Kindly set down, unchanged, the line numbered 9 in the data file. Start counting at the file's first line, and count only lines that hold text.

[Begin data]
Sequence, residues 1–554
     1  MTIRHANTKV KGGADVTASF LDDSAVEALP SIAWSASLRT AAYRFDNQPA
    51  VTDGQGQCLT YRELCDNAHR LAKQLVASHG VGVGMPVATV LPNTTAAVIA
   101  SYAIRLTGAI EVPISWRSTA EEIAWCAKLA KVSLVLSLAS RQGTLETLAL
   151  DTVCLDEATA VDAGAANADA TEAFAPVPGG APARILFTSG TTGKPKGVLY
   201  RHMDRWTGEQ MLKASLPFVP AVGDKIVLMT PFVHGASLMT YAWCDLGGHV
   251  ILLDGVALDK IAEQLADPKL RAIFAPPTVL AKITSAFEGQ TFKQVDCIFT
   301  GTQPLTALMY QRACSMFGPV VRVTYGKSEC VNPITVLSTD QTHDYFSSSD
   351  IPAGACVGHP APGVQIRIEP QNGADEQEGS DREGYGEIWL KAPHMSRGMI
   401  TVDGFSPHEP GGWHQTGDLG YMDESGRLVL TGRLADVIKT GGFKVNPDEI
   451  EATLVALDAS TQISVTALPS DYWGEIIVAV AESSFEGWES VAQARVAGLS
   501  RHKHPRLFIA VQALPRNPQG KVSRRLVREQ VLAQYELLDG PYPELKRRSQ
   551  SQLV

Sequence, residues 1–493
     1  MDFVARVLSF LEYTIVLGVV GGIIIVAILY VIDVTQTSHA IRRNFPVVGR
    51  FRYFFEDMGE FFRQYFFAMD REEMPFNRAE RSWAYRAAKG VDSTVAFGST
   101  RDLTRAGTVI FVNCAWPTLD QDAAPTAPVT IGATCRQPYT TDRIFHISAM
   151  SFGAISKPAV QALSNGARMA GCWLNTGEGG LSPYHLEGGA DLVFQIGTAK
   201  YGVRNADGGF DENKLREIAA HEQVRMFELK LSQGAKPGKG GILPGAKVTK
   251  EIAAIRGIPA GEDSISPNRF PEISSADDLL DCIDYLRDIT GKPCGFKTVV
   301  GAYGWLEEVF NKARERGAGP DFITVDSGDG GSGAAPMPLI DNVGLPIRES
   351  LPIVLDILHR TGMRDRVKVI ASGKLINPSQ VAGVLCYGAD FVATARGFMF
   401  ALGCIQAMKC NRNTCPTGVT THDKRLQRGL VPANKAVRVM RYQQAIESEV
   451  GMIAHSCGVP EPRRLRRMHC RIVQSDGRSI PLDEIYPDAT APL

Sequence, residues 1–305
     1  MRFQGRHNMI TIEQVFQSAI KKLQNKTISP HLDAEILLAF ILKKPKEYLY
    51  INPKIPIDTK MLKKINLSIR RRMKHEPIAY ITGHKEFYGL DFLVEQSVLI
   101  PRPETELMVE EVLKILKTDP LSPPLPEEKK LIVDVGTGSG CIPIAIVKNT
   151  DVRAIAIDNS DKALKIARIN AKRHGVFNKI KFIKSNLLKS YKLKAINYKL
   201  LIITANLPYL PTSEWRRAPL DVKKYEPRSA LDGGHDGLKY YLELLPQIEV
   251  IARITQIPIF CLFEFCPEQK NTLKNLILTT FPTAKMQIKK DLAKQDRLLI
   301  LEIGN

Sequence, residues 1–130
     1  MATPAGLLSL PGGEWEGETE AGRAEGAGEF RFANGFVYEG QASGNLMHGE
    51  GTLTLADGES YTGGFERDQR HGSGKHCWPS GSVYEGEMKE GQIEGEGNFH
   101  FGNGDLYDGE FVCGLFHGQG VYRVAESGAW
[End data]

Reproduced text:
   351  IPAGACVGHP APGVQIRIEP QNGADEQEGS DREGYGEIWL KAPHMSRGMI